TetraVue raises $10m for autonomous vehicle lidar tech

TetraVue has become the latest start-up hoping to enter the autonomous vehicle market after raising $10 million in investment. The company is planning to commercialise its ultra-high definition solid-state flash lidar technology, and is currently developing partnerships with car manufacturers, auto AI software developers, and other hardware makers to get its lidar into autonomous cars. According to a recent report

by Tratica, advanced driver assistance systems (ADAS) are to reach almost $90 billion in annual revenue by 2025. More specifically, driver assistance is set to represent a €9bn market for photonics by 2020, according to a separate report by Tematys. Although the core business of photonics in automotive is – and will remain – exterior lighting, advanced driver assistance systems such as lidar represent the fastest growing segment for photonics in the automotive sector, Tematys said. TetraVue’s technology can obtain two million or more simultaneous distance measurements at ranges that are greater than 200 metres, in any weather conditions, and using ‘orders of magnitude less power than competitor’s technology’, according to the company.

The company’s founder, Paul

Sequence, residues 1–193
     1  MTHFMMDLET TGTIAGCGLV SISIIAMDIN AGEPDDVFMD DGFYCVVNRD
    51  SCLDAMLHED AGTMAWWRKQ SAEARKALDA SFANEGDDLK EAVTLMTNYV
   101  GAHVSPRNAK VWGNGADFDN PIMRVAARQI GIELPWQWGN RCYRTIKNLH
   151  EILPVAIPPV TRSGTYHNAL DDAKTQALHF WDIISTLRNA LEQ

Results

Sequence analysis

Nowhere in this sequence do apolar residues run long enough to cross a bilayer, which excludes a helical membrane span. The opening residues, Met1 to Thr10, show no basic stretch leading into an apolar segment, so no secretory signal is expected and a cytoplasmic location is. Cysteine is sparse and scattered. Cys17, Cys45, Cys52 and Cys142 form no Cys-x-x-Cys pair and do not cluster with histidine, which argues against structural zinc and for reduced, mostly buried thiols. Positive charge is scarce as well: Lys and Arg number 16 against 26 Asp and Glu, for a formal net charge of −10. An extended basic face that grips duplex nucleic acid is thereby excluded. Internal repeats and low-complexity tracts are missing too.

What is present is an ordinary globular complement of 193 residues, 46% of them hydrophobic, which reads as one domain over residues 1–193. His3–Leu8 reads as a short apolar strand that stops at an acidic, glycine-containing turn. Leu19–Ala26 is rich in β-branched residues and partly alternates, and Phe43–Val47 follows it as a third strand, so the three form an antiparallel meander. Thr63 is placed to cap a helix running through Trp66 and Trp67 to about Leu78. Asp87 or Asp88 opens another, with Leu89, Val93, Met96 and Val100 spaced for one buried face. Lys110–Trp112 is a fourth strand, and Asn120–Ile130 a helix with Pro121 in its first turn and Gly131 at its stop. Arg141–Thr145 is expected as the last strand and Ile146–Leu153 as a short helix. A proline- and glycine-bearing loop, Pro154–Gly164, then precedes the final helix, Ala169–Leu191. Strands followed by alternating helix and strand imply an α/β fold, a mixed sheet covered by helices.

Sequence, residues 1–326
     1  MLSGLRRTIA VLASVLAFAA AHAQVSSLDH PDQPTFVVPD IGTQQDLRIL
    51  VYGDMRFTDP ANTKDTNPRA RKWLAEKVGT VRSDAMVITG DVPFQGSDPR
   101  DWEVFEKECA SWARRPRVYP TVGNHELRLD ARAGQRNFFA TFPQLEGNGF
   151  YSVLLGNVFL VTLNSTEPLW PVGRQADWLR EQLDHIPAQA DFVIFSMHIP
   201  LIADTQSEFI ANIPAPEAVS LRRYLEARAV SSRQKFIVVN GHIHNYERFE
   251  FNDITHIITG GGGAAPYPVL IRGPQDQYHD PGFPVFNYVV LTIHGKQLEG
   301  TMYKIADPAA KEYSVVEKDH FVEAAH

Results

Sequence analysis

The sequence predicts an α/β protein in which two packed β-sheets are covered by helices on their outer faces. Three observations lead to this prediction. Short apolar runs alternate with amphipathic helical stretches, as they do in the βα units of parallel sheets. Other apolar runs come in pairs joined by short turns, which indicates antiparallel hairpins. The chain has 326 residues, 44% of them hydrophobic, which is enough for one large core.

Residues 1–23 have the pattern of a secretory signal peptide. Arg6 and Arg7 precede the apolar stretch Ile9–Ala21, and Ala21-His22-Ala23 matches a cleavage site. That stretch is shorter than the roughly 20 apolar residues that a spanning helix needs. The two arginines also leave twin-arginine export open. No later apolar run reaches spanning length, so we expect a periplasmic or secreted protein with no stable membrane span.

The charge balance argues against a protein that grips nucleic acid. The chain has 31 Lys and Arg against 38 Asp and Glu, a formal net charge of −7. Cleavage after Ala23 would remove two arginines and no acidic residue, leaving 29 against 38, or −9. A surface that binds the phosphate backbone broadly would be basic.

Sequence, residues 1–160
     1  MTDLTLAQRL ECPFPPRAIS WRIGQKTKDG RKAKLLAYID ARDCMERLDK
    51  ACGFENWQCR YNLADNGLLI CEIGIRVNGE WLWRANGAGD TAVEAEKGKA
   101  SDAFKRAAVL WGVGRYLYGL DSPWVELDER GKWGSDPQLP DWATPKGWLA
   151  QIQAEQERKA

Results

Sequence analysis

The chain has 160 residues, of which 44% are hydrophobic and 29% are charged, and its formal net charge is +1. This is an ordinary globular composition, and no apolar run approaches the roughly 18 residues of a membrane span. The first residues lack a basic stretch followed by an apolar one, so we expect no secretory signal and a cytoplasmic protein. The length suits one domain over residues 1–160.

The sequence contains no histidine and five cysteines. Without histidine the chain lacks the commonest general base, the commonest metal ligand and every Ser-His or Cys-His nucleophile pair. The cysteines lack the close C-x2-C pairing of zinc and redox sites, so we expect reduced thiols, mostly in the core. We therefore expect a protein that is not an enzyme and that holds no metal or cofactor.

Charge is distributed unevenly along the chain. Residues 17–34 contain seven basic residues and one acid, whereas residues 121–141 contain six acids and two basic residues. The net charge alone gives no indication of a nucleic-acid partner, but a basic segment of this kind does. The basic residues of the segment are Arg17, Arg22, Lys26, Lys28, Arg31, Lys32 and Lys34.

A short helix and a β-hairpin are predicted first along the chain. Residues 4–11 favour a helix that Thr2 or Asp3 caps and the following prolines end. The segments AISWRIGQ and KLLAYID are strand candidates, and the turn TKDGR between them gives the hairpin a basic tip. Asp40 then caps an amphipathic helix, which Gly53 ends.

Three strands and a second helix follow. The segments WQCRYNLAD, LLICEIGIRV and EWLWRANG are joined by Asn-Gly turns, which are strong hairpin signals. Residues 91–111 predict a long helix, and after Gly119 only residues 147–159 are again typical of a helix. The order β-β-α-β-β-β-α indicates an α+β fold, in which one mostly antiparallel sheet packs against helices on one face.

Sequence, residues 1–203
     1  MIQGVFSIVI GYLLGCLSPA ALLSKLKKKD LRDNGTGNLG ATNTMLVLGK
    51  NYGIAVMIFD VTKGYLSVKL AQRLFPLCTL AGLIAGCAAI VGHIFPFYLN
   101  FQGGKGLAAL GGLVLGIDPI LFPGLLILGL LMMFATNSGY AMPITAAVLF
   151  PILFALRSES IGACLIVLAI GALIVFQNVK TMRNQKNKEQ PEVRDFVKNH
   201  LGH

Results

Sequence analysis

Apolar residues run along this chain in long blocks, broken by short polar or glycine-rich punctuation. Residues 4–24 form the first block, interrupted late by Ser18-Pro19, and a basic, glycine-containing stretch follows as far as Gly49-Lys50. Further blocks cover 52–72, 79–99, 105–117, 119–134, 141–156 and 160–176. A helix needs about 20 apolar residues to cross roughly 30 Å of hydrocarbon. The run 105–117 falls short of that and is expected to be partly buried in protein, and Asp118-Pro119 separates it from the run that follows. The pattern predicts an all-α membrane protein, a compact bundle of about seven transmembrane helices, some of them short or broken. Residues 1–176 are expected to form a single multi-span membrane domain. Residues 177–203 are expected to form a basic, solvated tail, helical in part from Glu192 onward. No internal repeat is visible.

Banks, spent 20 years of his career developing practical applications of laser and optical technology and TetraVue’s technology is the result of more than eight years of experimental research. ‘We see [TetraVue’s]

technology as being key to the enhancement and development of the autonomous car industry, which will be the future of transportation as we know it,’ said Luis Llovera, Managing Director of Robert Bosch Venture Capital. The financing round was | @electrooptics

led by Robert Bosch Venture Capital and Nautilus Venture Partners, and also included Samsung Catalyst Fund and Foxconn. TetraVue is just one of

several photonics start-ups

targeting the autonomous vehicle market that have made significant capital recently. In July, Civil Maps raised $6.6 million from investors including Ford to advance its lidar autonomous driving

technology; while last October, Israel-based Oryx amassed $17 million for its coherent optical radar technology, which the company says is ‘based on nano antennas that receive light waves like radio waves.’

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